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How long does grant of probate take?

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Before the probate process can begin, a Grant of Probate will need to be obtained. A Grant of Probate is a legal document that is issued by the Probate Registry, which is part of the court system. This document should be obtained by an executor who will be named in the Will of a deceased person. If there is no Will left behind, an Administrator is appointed by the court  to apply for the Grant of Probate instead.

It is highly advisable to consult with an experienced probate solicitor or lawyer during the probate process, as it can be a complex and time consuming task and often requires specialist advice.

What is Probate?

Probate is the process of reviewing a Will after someone has passed away and then administering their estate, combined with determining if the Will is valid and authentic.

Probate happens after a person dies and can be a relatively complex and time-consuming process. Grant of Probate refers to the legal document that provides the authority to distribute the estate of the deceased individual, according to the instructions that are left in the will.

It is important to note that Grant of Probate is not always required, most likely if the deceased person did not leave a Will. 

How long does Grant of Probate take?

Typically, a Grant of Probate can now take on average 8-12  weeks, if straightforward. Once this has been done, the whole process will ordinarily take a further 4-9  months on average, but in some circumstances can take up to a year to complete. This is dependent on multiple factors, such as the size of the estate and the complexity of the assets involved.

The Probate Process

There are many steps to the probate process, and these tasks can often be difficult to complete. The first step after someone dies is to register the death, this must be done within 5 days.

If the individual has left a Will behind, it will clearly name who they would like to administer their estate. This person is referred to as the ‘executor’ and will be the person who will have to apply for probate.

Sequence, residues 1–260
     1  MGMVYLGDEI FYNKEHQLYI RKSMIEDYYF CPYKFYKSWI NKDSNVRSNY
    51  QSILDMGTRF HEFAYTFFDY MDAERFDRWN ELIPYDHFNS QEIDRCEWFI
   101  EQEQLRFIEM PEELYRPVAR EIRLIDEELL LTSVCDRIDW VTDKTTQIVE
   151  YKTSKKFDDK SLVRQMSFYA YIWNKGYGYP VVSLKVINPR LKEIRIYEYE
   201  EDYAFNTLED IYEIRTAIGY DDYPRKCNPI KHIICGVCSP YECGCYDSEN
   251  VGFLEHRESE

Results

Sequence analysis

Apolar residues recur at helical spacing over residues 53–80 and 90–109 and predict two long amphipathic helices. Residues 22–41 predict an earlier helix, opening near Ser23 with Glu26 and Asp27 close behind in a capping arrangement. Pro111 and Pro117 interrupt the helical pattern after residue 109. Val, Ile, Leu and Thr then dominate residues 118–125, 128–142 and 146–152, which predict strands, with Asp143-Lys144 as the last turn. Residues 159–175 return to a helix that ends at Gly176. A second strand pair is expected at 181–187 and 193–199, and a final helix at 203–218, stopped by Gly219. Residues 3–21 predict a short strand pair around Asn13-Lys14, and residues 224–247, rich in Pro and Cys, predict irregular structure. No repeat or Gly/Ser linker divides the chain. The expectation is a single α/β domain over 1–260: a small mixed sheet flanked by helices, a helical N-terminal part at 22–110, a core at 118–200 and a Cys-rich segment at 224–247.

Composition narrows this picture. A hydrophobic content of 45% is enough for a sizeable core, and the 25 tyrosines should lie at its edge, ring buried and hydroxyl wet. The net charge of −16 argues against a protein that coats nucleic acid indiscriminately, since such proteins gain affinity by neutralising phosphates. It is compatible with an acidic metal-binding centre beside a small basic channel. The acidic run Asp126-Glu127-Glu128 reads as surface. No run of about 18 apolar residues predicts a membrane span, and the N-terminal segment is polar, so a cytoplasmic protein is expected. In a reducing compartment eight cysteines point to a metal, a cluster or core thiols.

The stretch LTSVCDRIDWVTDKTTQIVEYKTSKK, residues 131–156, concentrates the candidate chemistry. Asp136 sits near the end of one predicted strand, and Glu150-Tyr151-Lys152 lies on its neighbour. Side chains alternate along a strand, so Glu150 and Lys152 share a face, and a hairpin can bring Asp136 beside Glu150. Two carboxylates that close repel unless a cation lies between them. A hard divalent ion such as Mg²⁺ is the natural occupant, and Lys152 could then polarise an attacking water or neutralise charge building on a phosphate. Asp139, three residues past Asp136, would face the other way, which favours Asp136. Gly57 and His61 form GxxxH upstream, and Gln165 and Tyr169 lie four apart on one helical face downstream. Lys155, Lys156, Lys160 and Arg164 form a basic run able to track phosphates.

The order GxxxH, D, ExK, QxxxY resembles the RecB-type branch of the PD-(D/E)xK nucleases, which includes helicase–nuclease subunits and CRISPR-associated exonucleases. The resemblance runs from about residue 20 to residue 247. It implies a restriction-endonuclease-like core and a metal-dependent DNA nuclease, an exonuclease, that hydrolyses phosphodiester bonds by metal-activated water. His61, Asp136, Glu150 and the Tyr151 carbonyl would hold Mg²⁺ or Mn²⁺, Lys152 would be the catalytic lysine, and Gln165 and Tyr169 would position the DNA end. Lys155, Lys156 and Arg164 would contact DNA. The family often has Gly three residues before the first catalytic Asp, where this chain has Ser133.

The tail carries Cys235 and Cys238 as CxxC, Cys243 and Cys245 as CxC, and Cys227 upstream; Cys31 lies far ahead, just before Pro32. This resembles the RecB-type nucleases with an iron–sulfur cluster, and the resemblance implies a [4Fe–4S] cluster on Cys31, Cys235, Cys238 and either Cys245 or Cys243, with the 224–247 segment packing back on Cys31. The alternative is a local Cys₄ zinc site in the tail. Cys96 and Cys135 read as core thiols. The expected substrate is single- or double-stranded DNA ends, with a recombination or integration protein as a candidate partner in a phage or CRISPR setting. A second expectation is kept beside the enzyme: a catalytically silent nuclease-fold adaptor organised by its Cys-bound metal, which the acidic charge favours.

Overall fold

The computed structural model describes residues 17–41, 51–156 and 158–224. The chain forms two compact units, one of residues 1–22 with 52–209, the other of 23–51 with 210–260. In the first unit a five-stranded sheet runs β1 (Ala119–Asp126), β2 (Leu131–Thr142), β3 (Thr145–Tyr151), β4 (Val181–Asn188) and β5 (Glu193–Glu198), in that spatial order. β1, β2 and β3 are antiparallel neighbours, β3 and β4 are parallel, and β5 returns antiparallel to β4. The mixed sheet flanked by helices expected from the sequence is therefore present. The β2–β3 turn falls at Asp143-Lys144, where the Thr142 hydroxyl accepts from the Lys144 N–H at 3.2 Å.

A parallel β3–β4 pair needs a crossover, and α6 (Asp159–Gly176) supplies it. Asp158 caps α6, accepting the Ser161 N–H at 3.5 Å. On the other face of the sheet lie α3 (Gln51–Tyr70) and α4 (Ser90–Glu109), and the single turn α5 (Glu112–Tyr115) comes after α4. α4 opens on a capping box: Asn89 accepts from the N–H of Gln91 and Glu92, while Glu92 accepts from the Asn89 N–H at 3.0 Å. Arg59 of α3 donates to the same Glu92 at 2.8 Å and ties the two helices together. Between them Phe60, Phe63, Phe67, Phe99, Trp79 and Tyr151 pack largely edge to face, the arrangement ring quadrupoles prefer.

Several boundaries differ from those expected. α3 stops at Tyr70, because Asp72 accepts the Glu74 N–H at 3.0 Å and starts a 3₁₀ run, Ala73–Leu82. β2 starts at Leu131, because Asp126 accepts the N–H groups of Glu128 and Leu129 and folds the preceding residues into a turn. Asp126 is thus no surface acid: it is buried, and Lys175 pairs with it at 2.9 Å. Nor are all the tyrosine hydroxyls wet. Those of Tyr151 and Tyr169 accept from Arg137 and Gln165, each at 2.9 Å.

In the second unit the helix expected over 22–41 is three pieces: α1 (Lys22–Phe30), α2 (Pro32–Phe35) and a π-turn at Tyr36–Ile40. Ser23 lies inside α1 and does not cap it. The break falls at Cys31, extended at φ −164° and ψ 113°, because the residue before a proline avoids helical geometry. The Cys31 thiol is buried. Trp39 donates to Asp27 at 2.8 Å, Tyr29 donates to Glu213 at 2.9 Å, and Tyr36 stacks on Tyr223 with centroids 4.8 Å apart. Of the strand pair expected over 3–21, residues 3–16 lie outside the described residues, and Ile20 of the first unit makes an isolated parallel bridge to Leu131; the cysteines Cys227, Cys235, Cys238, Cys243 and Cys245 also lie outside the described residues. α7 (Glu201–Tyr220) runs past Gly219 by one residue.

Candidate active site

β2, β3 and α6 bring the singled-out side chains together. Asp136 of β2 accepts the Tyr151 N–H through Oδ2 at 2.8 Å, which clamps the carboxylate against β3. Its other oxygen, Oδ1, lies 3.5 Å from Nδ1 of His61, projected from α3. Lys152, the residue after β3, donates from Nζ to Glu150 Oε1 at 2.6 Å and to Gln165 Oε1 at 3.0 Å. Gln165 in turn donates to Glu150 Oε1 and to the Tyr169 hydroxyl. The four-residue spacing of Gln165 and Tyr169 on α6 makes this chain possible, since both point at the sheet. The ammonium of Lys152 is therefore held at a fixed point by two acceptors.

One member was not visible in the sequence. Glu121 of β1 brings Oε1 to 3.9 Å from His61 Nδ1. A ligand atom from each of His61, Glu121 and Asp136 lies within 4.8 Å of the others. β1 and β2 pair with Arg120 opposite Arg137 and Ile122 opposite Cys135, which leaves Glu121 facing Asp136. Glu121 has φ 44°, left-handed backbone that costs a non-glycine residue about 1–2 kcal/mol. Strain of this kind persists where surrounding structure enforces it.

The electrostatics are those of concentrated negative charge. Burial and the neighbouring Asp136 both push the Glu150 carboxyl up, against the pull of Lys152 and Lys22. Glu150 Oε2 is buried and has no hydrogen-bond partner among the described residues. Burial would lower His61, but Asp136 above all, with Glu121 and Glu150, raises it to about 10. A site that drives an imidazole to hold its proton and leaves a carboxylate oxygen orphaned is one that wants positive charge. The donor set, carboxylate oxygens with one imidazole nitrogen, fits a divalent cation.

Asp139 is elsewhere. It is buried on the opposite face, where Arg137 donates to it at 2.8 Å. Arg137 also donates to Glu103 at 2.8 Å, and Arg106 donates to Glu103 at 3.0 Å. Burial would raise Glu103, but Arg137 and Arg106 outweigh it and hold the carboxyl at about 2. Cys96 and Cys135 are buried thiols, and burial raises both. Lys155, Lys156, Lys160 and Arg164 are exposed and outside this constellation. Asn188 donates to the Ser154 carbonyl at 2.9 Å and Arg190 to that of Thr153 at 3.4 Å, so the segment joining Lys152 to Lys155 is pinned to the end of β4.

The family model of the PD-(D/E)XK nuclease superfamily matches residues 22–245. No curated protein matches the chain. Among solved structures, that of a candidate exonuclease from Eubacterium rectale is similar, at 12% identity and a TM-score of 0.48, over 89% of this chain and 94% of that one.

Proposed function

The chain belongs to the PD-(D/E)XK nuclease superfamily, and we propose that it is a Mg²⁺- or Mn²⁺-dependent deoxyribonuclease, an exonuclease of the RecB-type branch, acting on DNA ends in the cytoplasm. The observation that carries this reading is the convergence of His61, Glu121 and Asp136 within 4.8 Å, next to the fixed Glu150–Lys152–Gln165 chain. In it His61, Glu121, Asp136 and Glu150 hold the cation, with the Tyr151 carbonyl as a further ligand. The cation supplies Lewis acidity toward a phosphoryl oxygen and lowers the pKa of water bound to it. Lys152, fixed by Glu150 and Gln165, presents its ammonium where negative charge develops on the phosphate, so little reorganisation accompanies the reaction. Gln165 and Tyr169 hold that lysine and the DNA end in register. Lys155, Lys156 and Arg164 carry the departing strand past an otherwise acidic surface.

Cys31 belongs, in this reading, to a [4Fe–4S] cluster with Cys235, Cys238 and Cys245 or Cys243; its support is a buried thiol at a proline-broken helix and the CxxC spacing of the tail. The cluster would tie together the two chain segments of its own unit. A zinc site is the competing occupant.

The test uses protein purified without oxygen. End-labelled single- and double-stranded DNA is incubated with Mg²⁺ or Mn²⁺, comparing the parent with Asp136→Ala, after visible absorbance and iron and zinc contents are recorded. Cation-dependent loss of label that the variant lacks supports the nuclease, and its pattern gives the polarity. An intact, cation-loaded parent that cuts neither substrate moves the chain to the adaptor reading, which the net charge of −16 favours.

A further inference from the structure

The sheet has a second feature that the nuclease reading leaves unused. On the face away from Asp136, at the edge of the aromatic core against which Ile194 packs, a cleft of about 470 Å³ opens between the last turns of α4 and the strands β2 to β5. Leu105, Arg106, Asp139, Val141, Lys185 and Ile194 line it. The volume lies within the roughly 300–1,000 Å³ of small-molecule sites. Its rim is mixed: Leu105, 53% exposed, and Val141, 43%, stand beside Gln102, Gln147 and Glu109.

When probate is granted, the executor will be heavily involved in organising the deceased person’s finances, assets and debts, making sure they are distributed accordingly and that all taxes and debts have been paid.

The estate will then need to be valued, which is done by establishing the deceased individual’s assets and liabilities, as well as uncovering records of any other accounts they may have held. The process can be complicated, time consuming and will often require the support of an experienced  professional, particularly in the case of complicated estates.

Our  Private Client team can assist you with every part of the process.

Is there a time limit on applying for probate?

If you are applying in England and Wales, there is no time limit on the probate application process. However, it is important to note that there are certain aspects of the probate process and administration of the estate that must be dealt with within 6 months after the person has passed away.

How can we help?

At Kingsfords, our Private Client team are adept a helping our clients to navigate both simple and complex probate processes, including applying for Grant of Probate. We have many years of experience working in this area of the law and will do everything to make this process as stress free as possible.

We understand that you are likely to be going through a difficult time, so we take the necessary steps to handle all the legal aspects of the process whilst keeping you fully informed.

If you would like support to apply for a Grant of Probate, or assistance with other probate matters, you can contact us using the details below.

Contact our Wills and Probate department

If you require help with any probate related issues, including applying for a Grant of Probate, don’t hesitate to get in touch with one of our experienced Wills and Probate professionals. We will be able to assist with all matters related to the probate process.

We provide an efficient, friendly and sensitive service. You can call one of our offices in Ashford, Cranbrook or Hythe. You can also use our contact form to request a call back, in which case one of our solicitors or lawyers will be in touch shortly.